Wednesday, August 9, 2017

Savo Island

SUN 9 AUG 1942
Battle of Savo Island: Japanese force of seven cruisers and one destroyer (Vice Admiral Mikawa Gunichi) approaches west of Savo Island, Solomons, undetected. The defeat is one of the worst ever inflicted on the U.S. Navy. Allied ships depart Guadalcanal area. Japanese vessels temporarily control waters around Guadalcanal. Heavy cruiser Astoria (CA-34) is sunk by gunfire of Japanese heavy cruisers Chokai, Aoba, Kinugasa, and Kako. Quincy (CA-39) is sunk by gunfire of heavy cruisers Aoba, Kako and Furutaka and light cruiser Tenryu and is torpedoed by light cruiser Yubari.
IJN YUBARI opens fire on the American cruisers ASTORIA, QUINCY and VINCENNES.
No further info given.
Vincennes (CA-44) is sunk by gunfire and torpedo from heavy cruiser Chokai, and gunfire from Kako, Aoba, and Kinugasa, and light cruiser Yubari. The fourth Allied ship lost off Savo is Australian heavy cruiser HMAS Canberra which, badly damaged by Japanese gunfire, is scuttled by destroyer Selfridge (DD-357).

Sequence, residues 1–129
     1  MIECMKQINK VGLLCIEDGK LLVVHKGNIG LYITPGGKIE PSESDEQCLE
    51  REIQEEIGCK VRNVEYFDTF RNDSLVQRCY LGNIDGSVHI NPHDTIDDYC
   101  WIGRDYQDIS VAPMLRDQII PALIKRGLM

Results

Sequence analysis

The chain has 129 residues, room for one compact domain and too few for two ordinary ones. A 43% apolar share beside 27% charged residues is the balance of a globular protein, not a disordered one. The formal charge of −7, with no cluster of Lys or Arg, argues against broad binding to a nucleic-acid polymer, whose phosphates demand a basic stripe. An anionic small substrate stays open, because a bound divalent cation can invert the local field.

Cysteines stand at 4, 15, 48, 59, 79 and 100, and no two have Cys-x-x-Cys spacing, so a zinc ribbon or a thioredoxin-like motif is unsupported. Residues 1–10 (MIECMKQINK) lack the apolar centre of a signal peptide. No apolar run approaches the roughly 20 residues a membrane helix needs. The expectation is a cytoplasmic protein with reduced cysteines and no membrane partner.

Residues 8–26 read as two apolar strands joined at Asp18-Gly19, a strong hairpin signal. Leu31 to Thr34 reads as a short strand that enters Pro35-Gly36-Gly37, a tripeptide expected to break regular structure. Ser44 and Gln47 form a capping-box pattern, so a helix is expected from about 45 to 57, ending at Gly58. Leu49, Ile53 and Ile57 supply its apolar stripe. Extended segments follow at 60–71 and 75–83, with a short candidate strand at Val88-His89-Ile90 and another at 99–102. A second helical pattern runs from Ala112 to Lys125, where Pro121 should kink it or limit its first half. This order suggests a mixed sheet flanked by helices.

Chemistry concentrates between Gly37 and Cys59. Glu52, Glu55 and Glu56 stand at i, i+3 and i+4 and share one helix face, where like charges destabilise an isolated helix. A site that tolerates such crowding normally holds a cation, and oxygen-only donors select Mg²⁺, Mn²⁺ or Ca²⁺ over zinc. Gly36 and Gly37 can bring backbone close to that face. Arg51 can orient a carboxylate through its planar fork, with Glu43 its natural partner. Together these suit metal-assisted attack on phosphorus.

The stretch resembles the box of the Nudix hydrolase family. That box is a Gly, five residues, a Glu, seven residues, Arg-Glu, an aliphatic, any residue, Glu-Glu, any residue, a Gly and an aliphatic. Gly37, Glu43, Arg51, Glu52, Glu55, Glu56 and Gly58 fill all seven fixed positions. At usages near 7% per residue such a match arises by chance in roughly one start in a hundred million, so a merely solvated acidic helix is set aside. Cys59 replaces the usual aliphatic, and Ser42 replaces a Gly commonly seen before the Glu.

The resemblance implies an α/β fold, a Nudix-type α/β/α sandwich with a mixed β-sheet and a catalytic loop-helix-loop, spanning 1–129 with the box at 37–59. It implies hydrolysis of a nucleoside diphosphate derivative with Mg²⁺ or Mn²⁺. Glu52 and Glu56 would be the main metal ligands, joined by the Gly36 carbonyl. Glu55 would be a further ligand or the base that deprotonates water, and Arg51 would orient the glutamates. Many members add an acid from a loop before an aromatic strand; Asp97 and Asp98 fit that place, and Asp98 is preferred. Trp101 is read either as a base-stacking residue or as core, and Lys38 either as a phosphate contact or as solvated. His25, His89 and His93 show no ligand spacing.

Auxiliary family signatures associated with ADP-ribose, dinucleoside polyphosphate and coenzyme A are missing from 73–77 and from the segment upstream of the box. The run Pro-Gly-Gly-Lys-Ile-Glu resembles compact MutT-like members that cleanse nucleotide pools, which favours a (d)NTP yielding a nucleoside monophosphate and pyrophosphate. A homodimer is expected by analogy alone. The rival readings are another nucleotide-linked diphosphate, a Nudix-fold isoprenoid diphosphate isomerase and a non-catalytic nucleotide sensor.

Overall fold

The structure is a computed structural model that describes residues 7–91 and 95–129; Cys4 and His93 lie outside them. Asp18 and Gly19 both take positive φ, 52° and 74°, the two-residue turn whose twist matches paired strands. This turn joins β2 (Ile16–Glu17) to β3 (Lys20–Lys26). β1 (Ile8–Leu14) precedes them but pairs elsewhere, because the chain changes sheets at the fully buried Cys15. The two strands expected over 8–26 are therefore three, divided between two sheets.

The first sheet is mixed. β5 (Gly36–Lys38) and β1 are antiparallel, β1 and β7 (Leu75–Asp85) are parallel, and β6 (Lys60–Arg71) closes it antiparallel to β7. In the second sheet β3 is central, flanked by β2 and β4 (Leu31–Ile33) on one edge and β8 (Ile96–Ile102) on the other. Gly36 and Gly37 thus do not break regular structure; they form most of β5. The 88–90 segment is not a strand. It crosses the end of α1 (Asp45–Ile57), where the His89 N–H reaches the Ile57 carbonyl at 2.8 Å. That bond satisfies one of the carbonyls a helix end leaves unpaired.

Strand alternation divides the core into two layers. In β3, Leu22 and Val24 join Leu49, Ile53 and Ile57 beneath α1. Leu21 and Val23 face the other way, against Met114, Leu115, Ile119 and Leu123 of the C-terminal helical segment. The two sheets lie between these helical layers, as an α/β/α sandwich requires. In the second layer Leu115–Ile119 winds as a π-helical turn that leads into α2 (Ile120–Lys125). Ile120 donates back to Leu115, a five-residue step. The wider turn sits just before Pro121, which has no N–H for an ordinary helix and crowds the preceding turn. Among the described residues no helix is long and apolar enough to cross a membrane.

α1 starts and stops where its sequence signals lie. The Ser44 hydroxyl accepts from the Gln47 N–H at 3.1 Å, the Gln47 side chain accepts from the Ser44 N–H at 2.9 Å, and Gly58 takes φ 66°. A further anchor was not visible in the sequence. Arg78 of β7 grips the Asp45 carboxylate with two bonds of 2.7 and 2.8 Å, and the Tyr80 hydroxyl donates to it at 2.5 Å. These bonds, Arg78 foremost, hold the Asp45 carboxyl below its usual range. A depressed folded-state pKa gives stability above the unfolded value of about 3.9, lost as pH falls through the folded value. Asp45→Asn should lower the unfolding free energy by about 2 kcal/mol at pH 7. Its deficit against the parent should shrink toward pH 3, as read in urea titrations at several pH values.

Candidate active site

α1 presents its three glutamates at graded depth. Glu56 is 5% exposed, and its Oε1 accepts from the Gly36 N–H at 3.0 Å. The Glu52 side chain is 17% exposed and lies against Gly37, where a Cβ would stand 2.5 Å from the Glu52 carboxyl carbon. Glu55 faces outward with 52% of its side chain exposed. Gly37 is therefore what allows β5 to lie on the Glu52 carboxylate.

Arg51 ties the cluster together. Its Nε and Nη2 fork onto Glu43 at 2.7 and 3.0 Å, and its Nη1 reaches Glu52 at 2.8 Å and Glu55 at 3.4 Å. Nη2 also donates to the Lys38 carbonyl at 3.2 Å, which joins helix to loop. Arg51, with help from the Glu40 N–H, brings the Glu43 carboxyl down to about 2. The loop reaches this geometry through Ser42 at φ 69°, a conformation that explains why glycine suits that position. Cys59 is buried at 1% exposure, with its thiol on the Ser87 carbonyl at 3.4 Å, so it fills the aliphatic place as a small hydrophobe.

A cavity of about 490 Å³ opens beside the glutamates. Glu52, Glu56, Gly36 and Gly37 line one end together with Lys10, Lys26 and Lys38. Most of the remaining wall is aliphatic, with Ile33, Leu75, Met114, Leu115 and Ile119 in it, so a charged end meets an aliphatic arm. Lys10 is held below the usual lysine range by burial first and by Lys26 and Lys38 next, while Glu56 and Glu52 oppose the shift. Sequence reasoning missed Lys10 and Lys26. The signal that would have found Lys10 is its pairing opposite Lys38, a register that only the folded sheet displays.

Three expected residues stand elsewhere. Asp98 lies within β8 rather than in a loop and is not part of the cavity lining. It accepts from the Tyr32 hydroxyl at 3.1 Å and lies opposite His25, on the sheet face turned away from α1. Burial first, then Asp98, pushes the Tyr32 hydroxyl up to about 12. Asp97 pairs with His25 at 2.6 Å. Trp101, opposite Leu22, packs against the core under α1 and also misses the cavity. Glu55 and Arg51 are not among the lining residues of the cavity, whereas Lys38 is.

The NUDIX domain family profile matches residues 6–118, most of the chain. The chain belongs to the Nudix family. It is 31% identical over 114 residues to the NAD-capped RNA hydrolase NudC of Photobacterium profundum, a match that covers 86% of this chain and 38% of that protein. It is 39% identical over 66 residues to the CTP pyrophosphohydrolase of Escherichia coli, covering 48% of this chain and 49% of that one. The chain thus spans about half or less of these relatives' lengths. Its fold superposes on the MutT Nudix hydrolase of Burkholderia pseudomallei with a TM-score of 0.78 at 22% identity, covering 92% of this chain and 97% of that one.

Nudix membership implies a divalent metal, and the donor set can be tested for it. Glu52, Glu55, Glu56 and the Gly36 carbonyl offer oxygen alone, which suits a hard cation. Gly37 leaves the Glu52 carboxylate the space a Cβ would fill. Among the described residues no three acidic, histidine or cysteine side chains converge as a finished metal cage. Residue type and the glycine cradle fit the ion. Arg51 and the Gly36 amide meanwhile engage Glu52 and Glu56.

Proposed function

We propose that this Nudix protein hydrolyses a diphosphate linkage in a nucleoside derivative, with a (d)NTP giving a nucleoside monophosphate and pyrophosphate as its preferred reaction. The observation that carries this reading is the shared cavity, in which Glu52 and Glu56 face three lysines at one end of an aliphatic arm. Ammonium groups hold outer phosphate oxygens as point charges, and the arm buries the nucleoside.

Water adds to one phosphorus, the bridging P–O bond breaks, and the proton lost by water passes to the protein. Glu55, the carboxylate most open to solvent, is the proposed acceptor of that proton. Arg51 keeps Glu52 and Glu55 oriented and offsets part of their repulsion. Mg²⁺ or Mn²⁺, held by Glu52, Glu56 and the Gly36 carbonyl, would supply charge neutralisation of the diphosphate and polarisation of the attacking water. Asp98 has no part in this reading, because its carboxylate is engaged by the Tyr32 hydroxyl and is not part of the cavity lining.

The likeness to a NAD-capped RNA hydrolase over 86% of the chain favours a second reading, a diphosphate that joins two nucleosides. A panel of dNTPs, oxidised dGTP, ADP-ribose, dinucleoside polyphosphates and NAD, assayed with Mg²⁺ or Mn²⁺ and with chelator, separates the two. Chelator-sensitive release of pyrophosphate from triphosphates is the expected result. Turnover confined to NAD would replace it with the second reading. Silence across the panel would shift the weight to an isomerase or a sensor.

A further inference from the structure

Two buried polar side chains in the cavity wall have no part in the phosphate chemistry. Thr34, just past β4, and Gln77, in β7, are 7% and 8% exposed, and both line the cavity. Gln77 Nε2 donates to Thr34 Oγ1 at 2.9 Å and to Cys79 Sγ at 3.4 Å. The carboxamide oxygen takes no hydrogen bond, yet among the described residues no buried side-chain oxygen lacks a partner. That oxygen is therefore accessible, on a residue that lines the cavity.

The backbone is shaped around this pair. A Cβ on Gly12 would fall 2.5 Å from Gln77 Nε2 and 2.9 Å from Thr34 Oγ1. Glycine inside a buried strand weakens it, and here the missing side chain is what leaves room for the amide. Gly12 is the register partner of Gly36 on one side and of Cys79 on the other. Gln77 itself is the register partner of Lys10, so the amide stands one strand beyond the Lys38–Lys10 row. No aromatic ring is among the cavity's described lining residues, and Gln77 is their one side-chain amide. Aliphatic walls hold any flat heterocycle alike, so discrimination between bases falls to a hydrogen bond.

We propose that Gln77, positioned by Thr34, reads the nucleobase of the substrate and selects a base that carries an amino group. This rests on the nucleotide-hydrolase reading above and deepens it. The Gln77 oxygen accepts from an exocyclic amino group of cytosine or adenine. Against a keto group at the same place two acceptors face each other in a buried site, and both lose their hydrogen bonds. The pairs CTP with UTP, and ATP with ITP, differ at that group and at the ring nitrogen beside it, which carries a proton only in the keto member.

U.S. ships damaged are heavy cruiser Chicago (CA-29) by Kako; destroyer Ralph Talbot (DD-390) by Furutaka, Yubari, and Tenryu; and destroyer Patterson (DD-392) by Yubari and Tenryu. U.S. gunfire damages Chokai (from Quincy and Astoria); Kinugasa (by Vincennes); Aoba (by Quincy) and Tenryu (by Chicago and Patterson).
"Battle of Savo Island in Guadalcanal" by Yoshio Shimizu 1944
Destroyer Jarvis (DD-393), damaged the previous day, is mistaken as an "Achilles-class cruiser" and attacked by Japanese land attack planes (Misawa Kokutai) and torpedoed 200 nautical miles southeast of Tulagi, 09°42'S, 158°59'E. Jarvis puts up a stout fight, splashing two of the attacking planes; a third ditches due to battle damage. There are, however, no survivors from the destroyer, which is lost with all hands.

German submarine U-98 completes laying mines off mouth of St. Johns River, east of Jacksonville, Florida.

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